I didn’t get through as many books as I wanted to last year. I was quite religious with reading on public transport and in the evenings before bed up until I went to Papua New Guinea and then straight after that, my fight camp started. Then, during the camp, I was too tired to bother in the evenings and was also training in the mornings so I drove to work. I finished the fight camp in October, and then got a new job and moved in late November to Whangarei so… I didn’t prioritise reading time.

After moving and settling in properly in Whangarei, I didn’t pick up my reading time as I was busy getting stuck into how to be a lawyer in the new role and drifting between Auckland and Whangarei. Anyway, all that being said, this year I want to make more of an effort to prioritise it. Here is to a longer list and review in 2020.

Two thousand and nineteen and the decade of self-love/self-work

Last year has been humbly transformational, which I was surprised with. I sent an email to my best friend setting my intentions for the year at the start of it. We have done this every year since we finished university.

Some of the goals were definitely outside of my comfort zone and even though I did not feel courageous enough to achieve them in January, my mind thought I could at least stretch myself towards it. If I didn’t get there – I was ok with that. But I wanted to at least try and keep trying until I got what I wanted.

Quick stats for January 2019 (not including anything to do with my career/kaupapa – that’s a different post):

  • Physical: Not enough quality self-love/me-time routine, was only giving myself the dregs of the week and numbing my mind with social media -_-
  • Mental: Volunteering with IDYP & PSRH – productive and building my skillset, but not genuinely towards my own growth & vision for my future
  • Emotional: have worked through my behavioural issues that I developed from a toxic relationship in my past but still needed to work on this in relation to some core beliefs that don’t serve me anymore
  • Spiritual: really just lacking overall energy and harmony between the different elements in my life – that should be contributing towards a vision for something greater than me – I’m Christian so yes, basically hopes towards better days etc.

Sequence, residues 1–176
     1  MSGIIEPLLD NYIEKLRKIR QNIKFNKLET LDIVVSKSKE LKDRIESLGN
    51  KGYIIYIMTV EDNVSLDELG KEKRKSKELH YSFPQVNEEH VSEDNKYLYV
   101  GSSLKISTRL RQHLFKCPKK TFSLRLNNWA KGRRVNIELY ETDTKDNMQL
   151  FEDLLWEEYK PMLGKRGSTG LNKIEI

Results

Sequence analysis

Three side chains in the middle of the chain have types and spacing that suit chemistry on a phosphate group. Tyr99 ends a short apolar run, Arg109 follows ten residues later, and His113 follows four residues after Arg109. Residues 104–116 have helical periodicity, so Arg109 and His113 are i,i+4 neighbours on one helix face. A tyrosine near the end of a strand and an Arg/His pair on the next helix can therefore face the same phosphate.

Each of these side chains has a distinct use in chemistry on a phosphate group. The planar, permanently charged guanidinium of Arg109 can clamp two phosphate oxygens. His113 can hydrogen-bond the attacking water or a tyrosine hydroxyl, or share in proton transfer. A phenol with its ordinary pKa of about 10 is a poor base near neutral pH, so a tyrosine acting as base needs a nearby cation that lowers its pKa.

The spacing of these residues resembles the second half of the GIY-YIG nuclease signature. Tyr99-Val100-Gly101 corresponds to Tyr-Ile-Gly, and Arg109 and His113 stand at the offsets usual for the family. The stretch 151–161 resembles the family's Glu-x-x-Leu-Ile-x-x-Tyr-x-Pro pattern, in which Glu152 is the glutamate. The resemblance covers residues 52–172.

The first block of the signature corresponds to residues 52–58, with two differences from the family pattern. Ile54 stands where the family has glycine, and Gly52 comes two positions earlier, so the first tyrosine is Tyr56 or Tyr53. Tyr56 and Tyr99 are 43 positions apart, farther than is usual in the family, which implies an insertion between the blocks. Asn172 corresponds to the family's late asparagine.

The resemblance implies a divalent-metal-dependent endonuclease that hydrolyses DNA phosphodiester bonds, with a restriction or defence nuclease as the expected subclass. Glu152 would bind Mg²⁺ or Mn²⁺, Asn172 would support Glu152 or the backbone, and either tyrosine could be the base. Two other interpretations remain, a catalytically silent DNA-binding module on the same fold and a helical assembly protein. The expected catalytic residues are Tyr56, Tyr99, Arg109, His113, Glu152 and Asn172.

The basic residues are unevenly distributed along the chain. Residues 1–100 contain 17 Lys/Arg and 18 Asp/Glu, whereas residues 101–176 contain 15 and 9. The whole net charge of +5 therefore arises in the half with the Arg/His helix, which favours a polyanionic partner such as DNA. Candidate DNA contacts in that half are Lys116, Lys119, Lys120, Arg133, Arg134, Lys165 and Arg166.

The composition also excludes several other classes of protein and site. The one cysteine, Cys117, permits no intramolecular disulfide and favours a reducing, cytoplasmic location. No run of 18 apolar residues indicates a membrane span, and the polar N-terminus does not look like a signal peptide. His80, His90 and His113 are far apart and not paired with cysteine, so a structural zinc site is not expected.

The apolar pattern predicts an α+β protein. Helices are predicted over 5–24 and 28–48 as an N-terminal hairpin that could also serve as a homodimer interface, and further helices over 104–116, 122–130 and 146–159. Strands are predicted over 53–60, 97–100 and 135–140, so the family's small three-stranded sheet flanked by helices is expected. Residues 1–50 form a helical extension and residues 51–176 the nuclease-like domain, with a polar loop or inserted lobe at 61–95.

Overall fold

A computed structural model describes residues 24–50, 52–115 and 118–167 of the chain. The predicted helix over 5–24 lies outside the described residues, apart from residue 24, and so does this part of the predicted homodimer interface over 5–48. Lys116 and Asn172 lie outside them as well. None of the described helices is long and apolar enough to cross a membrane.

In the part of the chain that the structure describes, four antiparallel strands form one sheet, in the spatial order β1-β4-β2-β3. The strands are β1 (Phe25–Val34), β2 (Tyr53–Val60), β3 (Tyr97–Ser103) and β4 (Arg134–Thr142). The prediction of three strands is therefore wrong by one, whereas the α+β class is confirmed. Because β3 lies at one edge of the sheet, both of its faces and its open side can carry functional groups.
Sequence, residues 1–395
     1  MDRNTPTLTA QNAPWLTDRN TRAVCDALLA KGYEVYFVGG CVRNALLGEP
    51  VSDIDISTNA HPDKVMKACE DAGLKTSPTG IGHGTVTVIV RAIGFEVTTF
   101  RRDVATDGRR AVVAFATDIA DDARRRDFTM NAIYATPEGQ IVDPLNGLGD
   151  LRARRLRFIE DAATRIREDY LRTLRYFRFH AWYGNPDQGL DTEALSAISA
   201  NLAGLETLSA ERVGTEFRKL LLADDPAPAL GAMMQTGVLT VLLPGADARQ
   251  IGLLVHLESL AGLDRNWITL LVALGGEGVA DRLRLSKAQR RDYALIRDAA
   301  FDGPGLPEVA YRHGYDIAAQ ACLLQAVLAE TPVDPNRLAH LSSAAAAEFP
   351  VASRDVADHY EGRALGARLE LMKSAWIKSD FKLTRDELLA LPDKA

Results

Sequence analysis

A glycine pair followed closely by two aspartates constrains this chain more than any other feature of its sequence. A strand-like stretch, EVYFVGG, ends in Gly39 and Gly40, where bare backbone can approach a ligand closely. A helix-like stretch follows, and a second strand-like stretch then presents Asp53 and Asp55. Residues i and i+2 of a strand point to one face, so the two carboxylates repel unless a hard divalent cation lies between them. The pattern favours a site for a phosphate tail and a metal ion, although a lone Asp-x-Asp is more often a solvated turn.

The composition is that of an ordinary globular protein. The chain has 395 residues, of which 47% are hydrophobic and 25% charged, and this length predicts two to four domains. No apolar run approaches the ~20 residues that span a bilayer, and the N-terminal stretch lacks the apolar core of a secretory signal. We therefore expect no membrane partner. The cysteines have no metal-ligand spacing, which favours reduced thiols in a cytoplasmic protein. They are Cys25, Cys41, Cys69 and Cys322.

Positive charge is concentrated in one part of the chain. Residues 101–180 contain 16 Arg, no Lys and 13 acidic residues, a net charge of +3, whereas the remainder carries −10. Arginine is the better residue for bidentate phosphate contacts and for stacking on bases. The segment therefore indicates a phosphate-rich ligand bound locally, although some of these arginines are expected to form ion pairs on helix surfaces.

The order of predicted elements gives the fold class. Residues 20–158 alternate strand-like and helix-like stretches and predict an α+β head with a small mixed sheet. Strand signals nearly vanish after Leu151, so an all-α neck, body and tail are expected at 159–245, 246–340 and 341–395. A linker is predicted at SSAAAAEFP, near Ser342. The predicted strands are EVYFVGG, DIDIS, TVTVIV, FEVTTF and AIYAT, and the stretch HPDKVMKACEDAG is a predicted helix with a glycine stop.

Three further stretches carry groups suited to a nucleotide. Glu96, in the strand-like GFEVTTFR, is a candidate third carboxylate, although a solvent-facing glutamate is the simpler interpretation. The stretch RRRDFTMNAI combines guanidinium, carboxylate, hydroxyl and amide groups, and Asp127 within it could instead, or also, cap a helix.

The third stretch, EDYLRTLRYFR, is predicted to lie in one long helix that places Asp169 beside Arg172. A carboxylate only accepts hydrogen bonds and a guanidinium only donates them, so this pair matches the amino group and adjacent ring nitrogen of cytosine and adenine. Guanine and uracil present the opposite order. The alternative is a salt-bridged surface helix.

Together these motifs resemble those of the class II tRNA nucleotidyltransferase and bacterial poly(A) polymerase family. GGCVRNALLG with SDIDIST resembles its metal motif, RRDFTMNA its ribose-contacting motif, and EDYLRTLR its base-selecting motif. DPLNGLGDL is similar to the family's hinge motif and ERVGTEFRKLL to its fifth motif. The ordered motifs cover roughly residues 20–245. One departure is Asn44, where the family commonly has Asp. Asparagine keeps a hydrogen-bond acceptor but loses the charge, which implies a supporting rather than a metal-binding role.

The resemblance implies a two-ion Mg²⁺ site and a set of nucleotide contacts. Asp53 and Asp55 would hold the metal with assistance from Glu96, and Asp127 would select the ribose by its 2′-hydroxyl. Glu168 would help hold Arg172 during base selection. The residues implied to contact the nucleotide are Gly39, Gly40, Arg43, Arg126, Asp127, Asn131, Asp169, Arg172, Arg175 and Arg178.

Quick stats for December 2019:

  • Physical: I spend a lot more time on weekdays and weekends doing things that genuinely give me joy/happiness (I’m simple to please – a coffee and stroll at the beach makes me happy; also now punching people and risking being punched), and am 15kg lighter for it. There is also A LOT more ocean time.
  • Mental: Breathing space to think about how I can grow my own kingdom (no longer volunteering for PSRH and IDYP);
  • Emotional: my trust issues and communication about my feelings > behaviours has improved. There are still core beliefs I need to address but I am happy with where I am at and will continue to improve in the new year;
  • Spiritual: getting there but this is something I most definitely will work on in the new year.

Extra-curriculars: I’ve already commented on how much my extra-curricular activities have thrown a lot of my life out of balance – at my own doing so I’m not blaming anyone for this. My ex-boyfriends would tell me it was something I should look into for my own wellbeing. As part of this whole 2019 re-invention, I’ve ditched all the extra curriculars that don’t feed my soul anymore. This includes IDYP and PSRH which took space in my mind but didn’t necessarily satisfy me anymore on a soulful level, it became the mantra “this will add to my CV”. You become a robot if that’s the only reason why you do something. I don’t regret any of my time spent towards these organisations, I just want to move onto other experiences that I feel would be more fulfilling.

Since August 2019, I’ve been free of those activities and I am in a much better head-space for it.

And what a good feeling it is to just be able to focus on a smaller set of experiences and goals i.e. quality and intentional experiences, as well as rest and creativity. Tbh that’s probably the most mindful action I took for my wellbeing in 2019.

Relationships: some of my familial relationships have factured after tauma to the vā/relational space. Whether those fractures heal will depend on the work each person within that space puts in. I predict this will take a few more years yet, if not the rest of the incoming decade. But that is ok. If people still put in the work – myself included.

So that was the year that was. I feel like I have grown so much within the space of 12 – 14 months. And it’s set the tone and pace for the incoming decade as I farewell the last.

Points of importance from the last decade include:

  • I completed 2.3 degrees (haven’t quite finished my PgDipPH but we will get there);
  • Did a corporate fight;
  • Became a lawyer;
  • Went flatting;
  • Received multiple scholarships;
  • Went to several (and helped organise a few) conferences;
  • Served on different committees, a board and several projects;
  • Learned how to budget;
  • Bought and sold a few cars;
  • Moved towns;
  • Worked over 12 different jobs;
  • Had a few heartbreaks;
  • Almost cried in Court (R v Queenie aka Piahana)
  • Traveled to over 9 countries;
  • Graduated;
  • Got my own place;